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The bottom fell out of the 30-year Treasury bonds’ yield

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In the abyss

The US Treasuries’ yield curve isn’t a curve anymore—it’s flat. This happened because the yield on longer-term securities, especially 30-year Treasury bonds, or T-bonds, came down significantly in 2014. Also, it hasn’t reached its bottom yet. It’s still falling.

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Why is this news?

Long-term securities are influenced by market participants’ inflation expectations. If market participants are expecting inflation to remain low, yields on long-term bonds will follow suit. A lower inflation rate will deter the US Federal Reserve from raising the federal funds rate. This will keep Treasuries (TLT) (IEF) popular.

However, if the economy starts to deflate or experience a fall in prices, it will affect consumer spending. Consumer spending accounts for nearly 70% of the US economic output. A slowdown in consumer spending will affect companies’ profits—like Proctor & Gamble (PG) and Amazon.com (AMZN). It will also affect ETFs—like the Consumer Staples Select Sector SPDR Fund (XLP) and the Consumer Discretionary Select Sector SPDR Fund (XLY).

Lower yields are also a result of high demand for Treasury securities. The global outlook remains uncertain. This isn’t good for economic growth and equities. Although most US indicators look good right now, a weak global economy will have a negative impact on them as well. As a result, the economy may require more federal support. Basically, this is more of what we’ve seen since the Great Recession.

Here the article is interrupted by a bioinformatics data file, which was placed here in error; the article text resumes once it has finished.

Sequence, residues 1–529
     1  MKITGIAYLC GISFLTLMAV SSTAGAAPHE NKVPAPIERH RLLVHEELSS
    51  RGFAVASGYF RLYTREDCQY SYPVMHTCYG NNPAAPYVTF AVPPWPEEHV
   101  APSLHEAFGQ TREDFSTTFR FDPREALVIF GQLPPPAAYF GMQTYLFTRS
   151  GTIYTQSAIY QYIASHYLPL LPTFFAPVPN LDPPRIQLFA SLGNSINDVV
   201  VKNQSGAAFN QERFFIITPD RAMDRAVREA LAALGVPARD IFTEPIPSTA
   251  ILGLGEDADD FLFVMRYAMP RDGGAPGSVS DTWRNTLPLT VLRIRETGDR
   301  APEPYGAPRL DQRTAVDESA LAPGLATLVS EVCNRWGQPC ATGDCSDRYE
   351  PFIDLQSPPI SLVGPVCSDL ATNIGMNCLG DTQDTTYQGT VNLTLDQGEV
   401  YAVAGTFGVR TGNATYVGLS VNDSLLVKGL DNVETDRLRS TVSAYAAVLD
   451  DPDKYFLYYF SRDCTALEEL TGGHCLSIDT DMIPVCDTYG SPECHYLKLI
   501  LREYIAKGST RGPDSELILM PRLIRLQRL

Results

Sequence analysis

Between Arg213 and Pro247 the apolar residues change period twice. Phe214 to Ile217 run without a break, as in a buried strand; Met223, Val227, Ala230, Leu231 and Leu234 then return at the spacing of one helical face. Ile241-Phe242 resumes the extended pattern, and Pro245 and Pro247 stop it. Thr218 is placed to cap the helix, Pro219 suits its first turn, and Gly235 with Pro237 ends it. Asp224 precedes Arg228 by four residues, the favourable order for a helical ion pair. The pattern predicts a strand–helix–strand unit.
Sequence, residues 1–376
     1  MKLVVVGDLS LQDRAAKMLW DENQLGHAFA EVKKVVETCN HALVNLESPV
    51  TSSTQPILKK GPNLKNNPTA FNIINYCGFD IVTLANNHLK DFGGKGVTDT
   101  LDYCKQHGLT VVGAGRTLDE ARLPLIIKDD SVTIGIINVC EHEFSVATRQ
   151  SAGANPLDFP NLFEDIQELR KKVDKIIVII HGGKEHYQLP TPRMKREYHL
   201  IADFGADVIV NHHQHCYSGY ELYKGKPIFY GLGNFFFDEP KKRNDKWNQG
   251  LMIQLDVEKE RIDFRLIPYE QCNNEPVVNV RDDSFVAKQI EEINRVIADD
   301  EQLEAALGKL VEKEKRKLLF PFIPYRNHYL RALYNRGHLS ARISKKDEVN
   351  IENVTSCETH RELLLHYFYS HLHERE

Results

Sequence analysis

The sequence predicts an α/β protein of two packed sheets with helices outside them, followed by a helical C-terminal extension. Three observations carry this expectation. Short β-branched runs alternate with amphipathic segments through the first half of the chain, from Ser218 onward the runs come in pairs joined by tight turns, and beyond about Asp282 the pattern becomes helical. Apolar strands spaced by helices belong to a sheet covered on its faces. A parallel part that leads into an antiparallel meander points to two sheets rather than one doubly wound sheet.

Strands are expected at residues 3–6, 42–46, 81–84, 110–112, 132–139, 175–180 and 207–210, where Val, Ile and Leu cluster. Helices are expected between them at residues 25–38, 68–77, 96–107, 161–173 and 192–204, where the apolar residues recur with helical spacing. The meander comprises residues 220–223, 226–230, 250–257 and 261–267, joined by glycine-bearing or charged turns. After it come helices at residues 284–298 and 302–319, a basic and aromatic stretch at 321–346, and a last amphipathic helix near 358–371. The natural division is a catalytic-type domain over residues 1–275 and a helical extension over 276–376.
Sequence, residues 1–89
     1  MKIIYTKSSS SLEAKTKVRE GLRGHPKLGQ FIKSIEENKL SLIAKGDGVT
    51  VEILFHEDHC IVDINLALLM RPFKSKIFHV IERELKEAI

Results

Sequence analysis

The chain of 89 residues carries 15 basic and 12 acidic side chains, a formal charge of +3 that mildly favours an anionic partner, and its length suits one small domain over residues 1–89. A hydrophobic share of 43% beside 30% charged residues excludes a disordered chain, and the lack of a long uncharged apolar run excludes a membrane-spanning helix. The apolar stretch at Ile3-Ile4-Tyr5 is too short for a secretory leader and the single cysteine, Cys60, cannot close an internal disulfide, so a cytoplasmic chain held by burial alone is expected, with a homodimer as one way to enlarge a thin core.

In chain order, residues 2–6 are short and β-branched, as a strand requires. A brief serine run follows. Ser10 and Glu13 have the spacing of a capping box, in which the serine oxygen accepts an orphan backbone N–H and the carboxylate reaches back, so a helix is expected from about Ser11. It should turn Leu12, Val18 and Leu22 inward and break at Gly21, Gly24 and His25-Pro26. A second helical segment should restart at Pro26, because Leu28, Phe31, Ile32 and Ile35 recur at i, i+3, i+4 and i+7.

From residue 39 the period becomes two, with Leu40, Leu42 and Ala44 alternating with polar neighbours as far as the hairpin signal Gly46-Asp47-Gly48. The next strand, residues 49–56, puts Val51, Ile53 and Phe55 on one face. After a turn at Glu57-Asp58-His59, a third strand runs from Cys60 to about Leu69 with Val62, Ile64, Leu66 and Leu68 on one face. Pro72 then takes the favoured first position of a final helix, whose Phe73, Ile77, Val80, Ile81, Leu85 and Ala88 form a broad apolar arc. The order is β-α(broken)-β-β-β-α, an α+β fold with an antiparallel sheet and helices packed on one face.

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Is the US alone?

No, the US isn’t alone. Yields on long-term government securities fell across countries. Germany’s 30-year bond yield was at 1.15% on January 16. It was down 150 basis points, or bps, from a year ago. Japan’s 30-year bond yield was at 1.08%. Switzerland’s 30-year bond yield was at 0.60%. For the US, the 30-year T-bonds’ yield was at 2.44% on the same date. Due to this differential between the US and other developed economies’ government bonds, the demand for US T-bonds is still high. Higher demand will drive yields down more.

Crude prices hurt

For now, the Fed’s policymakers think that crude prices won’t depress inflation in the long run. However, with all of the weakness around, low crude oil prices have been hurting inflation expectations more. This is driving yields down more on the long bond. As a result, we could see record lows for the 30-year bond yield.

In the next part of this series, we’ll look at how investors reacted to the 30-year T-bonds auction last week.

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